Interviews

Interview: Simon Bookish



You’d be forgiven for expecting a classically-trained purveyor of avant-garde electronic chamber pop to be a little on the austere side.

Yet, even in the nerve-jangling surroundings of a central London pub full of paper-hatted office goons out on the company Christmas do, Simon Bookish is effusive, articulate and refreshingly cheerful.

He’s clearly proud of his latest album Everything/Everything; and with good reason: we don’t let just anything into our Top 50 Albums of 2008, you know.

For the benefit of the uninitiated, the album is a “big band song cycle about science and information,” meticulously crafted and played almost entirely on classical instruments – and considerably more accessible than anything he’s released to date.

This is a man, remember, whose last album centred around spoken monologues over waves of creepy electronica, and whose solo live act frequently overstepped the traditional cosy boundaries between artist and audience. “I remember a gig years ago where I ended up throwing a chair at the audience.” He looks sheepish. “But I don’t think I’m going to do that again. That’s out of my system now.” Just as well for the office goons obliviously enjoying their party at the next table.

Of all the proliferation of ideas on Everything/Everything, one overarching theme stands out for Bookish. “I knew this album would be about the idea of a flood of information, but I didn’t want it to be a depressing thing, for the tone of it to be obstructive or preachy. The atmosphere was meant to be ambiguous – that all of this stuff just exists, without being judgmental. The album is just full of things I’m interested in anyway. It’s about the joy of interest.”

Things he’s interested in: like science for example. Scientific themes, images and vocabulary run consistently through the album; and at first glance these are delivered with a straight face, from the cover art which references the periodic table to the imagined dialogue between Einstein and American visionary Buckminster Fuller on Carbon. But, he explains, “there’s ambiguity there too. It all balances on the seesaw of truth and fiction. The album is riddled with bad science… there’s a lot of half truths and lies on there.” Hence we get references to Ada Lovelace pioneering the practice of computer programming in 1853, “when actually she’d been dead a year.” Bookish giggles. “It might be a song cycle about science and information… but it’s so full of lies that you’re not going to learn anything from it.”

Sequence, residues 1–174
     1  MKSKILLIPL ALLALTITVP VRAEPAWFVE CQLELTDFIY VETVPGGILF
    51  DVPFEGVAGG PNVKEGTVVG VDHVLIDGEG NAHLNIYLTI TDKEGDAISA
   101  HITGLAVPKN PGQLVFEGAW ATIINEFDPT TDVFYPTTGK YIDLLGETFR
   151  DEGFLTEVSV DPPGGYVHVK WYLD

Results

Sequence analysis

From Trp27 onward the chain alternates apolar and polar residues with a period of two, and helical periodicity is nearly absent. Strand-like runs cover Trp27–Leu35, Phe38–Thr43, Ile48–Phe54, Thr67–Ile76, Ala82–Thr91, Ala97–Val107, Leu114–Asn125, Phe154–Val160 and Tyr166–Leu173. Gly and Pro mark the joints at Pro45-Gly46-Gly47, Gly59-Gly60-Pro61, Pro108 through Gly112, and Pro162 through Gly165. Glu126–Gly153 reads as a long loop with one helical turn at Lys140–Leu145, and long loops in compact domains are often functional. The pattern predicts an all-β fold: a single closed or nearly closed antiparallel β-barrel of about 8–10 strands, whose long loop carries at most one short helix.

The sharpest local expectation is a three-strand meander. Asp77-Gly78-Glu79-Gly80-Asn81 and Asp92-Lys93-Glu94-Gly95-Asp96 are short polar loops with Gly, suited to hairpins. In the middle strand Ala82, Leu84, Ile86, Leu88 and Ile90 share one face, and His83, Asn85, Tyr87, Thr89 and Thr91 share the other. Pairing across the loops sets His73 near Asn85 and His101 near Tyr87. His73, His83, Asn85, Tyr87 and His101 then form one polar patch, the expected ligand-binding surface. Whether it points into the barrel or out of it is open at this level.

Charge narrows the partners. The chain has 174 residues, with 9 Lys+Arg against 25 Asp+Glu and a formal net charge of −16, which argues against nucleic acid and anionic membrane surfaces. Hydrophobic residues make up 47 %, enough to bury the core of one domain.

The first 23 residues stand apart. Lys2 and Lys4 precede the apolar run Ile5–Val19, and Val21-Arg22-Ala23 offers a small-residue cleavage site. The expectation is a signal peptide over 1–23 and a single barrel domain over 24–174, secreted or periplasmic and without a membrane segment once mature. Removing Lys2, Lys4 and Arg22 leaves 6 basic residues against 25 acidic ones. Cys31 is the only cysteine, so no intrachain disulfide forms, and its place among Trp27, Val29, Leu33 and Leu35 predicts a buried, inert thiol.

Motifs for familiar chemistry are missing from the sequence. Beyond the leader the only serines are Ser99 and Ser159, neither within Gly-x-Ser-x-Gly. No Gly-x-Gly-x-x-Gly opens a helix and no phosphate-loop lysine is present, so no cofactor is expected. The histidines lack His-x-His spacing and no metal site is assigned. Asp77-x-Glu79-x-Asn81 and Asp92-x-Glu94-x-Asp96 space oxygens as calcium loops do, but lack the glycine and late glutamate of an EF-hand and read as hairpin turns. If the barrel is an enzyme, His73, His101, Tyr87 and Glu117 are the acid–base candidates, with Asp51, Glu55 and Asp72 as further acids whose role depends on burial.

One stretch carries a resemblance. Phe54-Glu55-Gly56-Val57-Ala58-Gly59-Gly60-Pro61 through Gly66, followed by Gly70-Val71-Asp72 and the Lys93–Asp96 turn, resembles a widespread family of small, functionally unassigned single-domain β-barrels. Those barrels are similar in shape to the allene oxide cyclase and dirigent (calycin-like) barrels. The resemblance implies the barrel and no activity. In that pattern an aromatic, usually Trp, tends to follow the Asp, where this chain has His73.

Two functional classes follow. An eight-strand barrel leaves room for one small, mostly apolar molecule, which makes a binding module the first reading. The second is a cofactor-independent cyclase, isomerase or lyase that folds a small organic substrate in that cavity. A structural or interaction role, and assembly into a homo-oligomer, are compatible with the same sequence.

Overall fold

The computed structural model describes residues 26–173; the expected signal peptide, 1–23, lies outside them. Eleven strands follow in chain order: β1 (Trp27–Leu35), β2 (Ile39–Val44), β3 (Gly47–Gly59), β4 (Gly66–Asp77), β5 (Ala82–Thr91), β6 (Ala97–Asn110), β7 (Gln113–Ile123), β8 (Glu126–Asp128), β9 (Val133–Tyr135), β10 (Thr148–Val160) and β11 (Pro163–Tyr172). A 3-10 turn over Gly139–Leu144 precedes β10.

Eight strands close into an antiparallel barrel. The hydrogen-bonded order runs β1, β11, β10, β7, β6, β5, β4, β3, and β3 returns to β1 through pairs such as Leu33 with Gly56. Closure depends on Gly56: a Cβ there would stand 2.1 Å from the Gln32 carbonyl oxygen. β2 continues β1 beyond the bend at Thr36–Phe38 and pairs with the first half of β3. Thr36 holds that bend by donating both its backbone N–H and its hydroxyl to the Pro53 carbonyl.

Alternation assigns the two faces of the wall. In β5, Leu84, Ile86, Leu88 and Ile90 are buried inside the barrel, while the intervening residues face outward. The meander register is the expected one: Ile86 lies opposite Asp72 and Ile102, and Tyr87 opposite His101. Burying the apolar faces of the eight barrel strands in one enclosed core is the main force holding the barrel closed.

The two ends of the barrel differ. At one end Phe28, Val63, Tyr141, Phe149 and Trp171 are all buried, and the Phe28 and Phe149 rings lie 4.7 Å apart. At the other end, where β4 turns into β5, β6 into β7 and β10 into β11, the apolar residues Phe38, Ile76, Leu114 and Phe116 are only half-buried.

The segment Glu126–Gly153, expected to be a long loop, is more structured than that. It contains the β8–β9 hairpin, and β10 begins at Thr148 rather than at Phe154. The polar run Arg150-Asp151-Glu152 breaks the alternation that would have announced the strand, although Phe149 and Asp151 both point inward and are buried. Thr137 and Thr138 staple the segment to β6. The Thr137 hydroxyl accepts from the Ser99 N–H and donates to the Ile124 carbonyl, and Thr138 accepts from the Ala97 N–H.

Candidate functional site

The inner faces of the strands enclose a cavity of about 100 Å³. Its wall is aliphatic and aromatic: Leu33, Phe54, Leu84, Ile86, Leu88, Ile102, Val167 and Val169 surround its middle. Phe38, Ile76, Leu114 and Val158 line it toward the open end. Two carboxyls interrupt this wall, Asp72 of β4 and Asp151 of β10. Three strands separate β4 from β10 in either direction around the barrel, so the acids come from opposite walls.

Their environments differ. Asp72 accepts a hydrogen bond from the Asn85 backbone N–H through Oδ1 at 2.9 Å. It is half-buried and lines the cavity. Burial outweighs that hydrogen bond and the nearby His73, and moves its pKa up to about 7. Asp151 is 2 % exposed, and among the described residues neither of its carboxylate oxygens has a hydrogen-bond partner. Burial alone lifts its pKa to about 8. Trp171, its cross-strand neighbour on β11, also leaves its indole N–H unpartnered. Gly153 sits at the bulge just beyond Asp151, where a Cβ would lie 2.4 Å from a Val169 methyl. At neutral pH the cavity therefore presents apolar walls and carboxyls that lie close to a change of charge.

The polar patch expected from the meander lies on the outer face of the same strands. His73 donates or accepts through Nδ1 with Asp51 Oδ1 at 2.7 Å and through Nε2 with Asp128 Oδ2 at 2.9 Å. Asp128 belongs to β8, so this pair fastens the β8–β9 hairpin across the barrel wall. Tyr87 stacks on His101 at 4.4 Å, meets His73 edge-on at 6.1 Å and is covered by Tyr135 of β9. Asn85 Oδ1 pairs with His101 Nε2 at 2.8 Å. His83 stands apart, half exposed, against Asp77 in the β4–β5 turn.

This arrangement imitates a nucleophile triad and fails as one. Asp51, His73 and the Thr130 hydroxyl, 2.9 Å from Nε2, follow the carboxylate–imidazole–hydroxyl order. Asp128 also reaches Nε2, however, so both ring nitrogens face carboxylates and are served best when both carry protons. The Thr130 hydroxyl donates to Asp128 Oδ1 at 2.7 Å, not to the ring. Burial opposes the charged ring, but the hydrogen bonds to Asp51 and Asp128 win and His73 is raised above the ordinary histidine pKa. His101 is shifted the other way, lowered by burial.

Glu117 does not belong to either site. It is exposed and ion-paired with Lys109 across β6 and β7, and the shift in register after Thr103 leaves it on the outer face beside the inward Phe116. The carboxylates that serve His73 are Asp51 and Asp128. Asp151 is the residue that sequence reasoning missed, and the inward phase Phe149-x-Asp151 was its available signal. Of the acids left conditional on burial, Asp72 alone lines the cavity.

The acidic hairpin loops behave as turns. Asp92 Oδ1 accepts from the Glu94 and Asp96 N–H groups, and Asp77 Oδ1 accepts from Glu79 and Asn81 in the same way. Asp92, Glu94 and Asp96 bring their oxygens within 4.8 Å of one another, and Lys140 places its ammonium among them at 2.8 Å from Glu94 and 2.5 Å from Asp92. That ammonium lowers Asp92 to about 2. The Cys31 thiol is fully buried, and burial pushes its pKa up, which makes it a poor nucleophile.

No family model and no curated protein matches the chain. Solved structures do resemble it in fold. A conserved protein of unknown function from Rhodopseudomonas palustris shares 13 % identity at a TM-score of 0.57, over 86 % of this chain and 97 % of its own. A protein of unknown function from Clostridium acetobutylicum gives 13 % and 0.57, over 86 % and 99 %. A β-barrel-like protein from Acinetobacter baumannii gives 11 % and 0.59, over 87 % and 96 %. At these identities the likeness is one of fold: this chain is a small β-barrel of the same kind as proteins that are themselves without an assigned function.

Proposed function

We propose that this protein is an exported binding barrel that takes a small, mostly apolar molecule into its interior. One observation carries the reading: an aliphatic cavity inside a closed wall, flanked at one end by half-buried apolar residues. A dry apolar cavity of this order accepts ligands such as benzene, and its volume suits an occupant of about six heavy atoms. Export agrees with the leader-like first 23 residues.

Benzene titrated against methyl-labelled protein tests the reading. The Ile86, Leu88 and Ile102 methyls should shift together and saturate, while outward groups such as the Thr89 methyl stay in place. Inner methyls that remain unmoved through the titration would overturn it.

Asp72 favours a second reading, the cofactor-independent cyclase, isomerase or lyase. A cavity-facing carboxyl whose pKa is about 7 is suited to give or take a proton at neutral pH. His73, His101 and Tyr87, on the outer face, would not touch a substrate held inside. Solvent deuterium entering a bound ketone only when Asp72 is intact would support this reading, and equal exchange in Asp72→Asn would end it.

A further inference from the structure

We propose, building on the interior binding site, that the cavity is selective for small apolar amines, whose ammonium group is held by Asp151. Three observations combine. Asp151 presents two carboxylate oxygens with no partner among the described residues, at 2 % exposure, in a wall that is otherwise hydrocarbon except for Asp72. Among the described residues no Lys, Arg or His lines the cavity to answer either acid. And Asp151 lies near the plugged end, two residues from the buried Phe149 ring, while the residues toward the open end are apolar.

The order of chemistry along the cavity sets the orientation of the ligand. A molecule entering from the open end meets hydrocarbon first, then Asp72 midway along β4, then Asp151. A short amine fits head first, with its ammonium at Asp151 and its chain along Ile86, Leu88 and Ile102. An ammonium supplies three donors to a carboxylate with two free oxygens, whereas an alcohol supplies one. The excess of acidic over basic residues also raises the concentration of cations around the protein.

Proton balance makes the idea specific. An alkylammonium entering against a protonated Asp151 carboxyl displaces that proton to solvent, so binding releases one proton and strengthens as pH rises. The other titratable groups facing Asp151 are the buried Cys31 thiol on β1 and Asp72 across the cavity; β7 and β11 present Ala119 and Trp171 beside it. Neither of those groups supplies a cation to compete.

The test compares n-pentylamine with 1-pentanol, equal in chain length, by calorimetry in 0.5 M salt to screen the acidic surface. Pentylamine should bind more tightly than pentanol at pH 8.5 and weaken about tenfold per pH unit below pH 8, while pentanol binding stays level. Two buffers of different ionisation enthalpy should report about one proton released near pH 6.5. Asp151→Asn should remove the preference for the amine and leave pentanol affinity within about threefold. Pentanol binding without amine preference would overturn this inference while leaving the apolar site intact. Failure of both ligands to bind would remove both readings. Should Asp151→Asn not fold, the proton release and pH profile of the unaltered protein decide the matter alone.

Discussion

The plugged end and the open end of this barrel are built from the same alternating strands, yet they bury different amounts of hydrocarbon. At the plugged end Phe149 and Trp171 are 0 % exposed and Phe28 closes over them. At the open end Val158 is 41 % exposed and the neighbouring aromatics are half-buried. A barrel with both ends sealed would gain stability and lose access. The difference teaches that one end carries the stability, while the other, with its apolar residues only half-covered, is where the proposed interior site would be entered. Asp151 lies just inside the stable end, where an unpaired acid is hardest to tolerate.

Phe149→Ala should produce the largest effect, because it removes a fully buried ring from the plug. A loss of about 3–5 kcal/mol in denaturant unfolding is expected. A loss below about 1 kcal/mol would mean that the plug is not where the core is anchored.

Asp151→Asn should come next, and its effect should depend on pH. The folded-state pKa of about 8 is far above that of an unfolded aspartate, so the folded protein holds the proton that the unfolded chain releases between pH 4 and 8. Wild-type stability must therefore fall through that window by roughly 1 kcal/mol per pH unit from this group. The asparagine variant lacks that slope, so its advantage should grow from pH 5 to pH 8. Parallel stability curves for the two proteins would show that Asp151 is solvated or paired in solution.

I ask who he is trying to confound with this seemingly capricious wrongfooting. “Erm, myself?” he says, but there’s evidently a method behind the mischief. “You have access to so many sources of information now, that there is always an element of untruth about them. Science is full of myths that are constantly being exposed as just that… so it’s not so different from advertising or any other form of information. It’s thrilling that people are interested in science, but on another level you realise that something like science is just as ambiguous as everything else.” Take that, Wikipedia.

“I can’t imagine wanting to be a celebrity. I think it’s a sordid existence.”
– Simon Bookish

In the way he pulls in data from hundreds of different sources, builds them into dizzying lists, blurs the boundaries between fact and faction, and somehow draws an emotional impact out of the resulting concoction, I’m reminded of Joyce and Eliot. And for Bookish, the Modernist creed helps to explain the mystery of how very different an artist he used to be. “Was it a conscious evolution? Well, maybe half conscious and half the fact that I’m very easily bored. I’m an old-school Modernist really – the idea of art for me is that you do something new every time. I just don’t see the point of doing the same thing twice.”